Tavern Owner Claims Seized Cash; Denies It Was Destined For IRA
DUBLIN, Ireland (AP) _ An Irish tavern owner said Tuesday that the $1.64 million the Irish government seized last week was his, and denied the money was destined for the outlawed Irish Republican Army.
Alan Clancy, who owns taverns in Dublin and New York City, said in a statement issued by his lawyer that the 1.75 million Irish pounds seized last Wednesday was to develop a business to export pork from Ireland to the United States.
″I have no connection with the Provisional IRA, Sinn Fein or any agent or support group of theirs such as Noraid,″ Clancy said in the statement.″I believe in and aspire to the unification of Ireland by peaceful means. I condemn political violence for that or any other purpose.″
Clancy, who moved from Ireland to New York in the late 1970s and now reportedly lives in Ardee, eastern Ireland, said he used a power of attorney to deposit the money in the Bank of Ireland last June under the name of David McCartney.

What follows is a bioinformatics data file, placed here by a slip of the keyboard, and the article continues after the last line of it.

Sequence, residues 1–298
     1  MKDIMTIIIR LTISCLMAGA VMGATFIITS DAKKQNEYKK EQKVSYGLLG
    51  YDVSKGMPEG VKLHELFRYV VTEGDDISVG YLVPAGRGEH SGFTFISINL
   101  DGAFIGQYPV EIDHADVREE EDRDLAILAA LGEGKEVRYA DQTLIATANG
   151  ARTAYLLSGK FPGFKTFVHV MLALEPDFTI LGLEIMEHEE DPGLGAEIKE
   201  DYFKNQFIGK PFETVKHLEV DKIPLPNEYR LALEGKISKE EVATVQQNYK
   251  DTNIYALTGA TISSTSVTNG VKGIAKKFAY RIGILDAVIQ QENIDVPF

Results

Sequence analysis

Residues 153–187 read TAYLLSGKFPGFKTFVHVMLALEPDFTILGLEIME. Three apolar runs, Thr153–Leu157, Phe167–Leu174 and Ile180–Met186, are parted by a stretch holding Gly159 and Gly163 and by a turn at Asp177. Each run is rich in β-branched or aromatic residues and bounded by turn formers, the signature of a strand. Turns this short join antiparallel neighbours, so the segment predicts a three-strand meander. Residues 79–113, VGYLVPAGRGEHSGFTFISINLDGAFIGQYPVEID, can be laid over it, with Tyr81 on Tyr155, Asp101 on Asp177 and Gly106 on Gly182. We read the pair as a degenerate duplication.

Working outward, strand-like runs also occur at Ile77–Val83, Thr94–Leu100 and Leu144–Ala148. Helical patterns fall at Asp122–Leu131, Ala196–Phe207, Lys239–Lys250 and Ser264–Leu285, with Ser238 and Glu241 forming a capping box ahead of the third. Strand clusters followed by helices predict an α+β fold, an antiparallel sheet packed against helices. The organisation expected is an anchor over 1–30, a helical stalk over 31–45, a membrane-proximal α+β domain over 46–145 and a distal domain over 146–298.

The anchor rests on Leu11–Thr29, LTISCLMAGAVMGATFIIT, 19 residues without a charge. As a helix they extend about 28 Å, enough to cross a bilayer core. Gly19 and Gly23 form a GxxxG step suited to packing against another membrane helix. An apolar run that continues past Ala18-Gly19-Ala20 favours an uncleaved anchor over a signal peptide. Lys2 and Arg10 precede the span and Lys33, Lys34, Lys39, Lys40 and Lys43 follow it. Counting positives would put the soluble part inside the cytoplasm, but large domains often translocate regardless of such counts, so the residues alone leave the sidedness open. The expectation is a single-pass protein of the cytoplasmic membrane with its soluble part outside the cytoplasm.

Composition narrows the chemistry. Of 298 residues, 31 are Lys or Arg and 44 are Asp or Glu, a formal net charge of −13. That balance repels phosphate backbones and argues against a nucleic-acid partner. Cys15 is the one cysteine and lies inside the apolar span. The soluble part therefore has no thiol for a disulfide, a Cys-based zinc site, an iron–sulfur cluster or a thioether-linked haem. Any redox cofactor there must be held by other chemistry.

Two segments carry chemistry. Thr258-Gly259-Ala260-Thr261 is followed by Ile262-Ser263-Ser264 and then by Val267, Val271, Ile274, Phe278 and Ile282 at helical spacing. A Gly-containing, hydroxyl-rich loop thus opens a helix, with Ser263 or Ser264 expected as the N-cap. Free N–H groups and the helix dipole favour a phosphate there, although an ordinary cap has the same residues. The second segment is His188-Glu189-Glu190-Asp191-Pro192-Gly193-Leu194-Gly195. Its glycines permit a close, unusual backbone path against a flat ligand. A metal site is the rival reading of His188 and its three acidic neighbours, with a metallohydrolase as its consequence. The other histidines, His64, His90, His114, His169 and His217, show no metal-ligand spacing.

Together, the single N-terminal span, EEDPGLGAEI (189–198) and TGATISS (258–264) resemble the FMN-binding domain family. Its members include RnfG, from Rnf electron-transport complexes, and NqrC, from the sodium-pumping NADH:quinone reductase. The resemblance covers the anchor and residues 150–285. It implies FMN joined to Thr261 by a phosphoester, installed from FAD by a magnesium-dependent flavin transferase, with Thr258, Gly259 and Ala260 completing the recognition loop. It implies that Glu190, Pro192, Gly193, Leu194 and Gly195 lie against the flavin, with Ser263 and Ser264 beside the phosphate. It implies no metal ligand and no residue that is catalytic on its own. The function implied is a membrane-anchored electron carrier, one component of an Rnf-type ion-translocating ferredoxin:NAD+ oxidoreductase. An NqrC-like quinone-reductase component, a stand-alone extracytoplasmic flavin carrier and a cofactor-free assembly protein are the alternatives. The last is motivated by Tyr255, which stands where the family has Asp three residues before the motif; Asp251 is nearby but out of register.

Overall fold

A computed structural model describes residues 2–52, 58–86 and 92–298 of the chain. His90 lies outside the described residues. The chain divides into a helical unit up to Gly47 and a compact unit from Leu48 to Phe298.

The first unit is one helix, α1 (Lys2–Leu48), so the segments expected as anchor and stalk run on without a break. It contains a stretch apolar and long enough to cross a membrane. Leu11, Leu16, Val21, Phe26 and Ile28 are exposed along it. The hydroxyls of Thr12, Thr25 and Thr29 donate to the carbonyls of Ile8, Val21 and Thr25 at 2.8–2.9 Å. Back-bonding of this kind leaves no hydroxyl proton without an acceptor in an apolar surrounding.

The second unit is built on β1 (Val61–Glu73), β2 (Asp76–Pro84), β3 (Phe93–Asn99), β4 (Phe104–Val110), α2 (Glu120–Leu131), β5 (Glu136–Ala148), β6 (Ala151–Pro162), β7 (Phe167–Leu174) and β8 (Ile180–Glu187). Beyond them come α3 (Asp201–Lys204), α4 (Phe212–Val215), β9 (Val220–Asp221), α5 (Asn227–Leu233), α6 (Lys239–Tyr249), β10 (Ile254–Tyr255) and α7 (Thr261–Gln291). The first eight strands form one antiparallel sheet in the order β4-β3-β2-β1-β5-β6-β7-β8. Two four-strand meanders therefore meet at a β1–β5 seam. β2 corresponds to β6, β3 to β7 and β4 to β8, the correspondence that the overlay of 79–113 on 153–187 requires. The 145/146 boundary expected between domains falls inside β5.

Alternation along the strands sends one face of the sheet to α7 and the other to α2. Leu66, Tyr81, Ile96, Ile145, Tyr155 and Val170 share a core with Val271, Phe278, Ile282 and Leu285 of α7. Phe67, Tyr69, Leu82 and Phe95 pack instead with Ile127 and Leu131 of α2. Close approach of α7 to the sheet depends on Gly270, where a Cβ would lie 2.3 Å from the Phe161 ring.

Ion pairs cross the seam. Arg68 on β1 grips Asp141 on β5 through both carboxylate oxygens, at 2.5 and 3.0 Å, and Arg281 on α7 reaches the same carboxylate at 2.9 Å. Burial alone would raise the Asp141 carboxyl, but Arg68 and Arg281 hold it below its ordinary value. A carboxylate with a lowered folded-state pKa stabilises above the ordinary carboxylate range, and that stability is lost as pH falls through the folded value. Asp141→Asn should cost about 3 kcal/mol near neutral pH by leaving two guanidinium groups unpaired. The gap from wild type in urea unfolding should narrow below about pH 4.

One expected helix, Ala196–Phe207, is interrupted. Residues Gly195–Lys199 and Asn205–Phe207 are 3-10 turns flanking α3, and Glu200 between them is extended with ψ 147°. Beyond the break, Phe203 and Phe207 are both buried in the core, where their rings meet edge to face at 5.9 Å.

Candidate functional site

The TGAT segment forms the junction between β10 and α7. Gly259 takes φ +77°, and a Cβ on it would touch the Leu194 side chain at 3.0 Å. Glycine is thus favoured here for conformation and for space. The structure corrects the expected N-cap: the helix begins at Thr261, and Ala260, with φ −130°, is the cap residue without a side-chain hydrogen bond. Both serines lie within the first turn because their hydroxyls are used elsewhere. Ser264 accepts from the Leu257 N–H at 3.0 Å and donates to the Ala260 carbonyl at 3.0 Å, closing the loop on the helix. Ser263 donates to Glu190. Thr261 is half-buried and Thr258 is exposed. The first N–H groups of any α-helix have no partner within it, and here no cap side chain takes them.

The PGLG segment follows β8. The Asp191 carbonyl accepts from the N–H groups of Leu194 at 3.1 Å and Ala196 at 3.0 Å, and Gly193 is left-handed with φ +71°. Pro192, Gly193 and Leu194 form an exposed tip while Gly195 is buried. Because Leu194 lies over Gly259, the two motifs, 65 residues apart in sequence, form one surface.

He added that he would take legal steps ″to remedy the gross injustice which has been done to me.″
London’s Sunday Times newspaper, quoting unidentified U.S. government sources, said Sunday that Clancy faces a federal grand jury investigation into allegations that he was involved in laundering the money.
The Irish Parliament passed emergency legislation after banking hours last Tuesday to allow the siezure of the money, which reportedly was extorted from a British businessman and was intended to finance the IRA’s guerrilla campaign to end British rule in Northern Ireland.
The almost exclusively Roman Catholic IRA seeks to unify mostly Protestant Northern Ireland with the Roman Catholic-dominated Republic of Ireland. Sinn Fein is the outlawed IRA’s legal political arm.
Noraid, the New York-based Irish Northern Aid Committee, says it raises money to help the families of Catolics killed in Irish sectarian violence. U.S. and Irish authorities say the committee helps fund IRA purchases of arms and explosives.